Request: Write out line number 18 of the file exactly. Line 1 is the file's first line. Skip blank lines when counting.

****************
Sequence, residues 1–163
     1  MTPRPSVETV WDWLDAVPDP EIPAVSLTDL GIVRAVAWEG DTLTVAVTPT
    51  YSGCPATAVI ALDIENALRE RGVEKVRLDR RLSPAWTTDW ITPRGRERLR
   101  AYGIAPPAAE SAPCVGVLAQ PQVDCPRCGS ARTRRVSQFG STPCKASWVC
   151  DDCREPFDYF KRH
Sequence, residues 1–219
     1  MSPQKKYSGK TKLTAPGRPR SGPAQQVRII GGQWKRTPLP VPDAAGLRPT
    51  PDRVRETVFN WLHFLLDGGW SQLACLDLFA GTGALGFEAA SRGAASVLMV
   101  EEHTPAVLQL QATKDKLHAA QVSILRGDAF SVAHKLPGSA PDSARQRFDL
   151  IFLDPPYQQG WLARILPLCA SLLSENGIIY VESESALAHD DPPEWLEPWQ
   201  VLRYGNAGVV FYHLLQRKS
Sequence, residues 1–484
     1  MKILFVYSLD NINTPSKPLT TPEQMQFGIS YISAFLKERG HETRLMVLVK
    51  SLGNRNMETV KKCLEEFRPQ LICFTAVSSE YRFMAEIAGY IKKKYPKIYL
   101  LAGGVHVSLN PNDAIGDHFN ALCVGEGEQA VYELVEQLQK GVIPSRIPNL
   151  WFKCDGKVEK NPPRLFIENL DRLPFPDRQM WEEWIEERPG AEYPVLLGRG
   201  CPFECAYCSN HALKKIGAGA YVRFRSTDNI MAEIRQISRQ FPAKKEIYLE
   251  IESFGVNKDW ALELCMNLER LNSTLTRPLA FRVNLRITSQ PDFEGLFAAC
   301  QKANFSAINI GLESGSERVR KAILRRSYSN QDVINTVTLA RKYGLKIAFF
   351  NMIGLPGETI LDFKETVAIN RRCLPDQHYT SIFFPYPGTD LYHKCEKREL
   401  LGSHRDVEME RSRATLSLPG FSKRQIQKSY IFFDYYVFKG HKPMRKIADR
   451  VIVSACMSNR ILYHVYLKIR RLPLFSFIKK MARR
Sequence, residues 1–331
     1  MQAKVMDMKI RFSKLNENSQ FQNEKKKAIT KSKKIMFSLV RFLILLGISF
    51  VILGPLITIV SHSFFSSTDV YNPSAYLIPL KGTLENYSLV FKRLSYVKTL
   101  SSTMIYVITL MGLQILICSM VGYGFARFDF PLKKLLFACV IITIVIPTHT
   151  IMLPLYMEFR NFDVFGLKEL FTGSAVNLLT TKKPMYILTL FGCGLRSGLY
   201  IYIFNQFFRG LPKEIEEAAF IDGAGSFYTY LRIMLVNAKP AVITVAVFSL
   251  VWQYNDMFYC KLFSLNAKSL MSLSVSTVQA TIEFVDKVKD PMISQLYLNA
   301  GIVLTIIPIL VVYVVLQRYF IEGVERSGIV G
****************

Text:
   251  IESFGVNKDW ALELCMNLER LNSTLTRPLA FRVNLRITSQ PDFEGLFAAC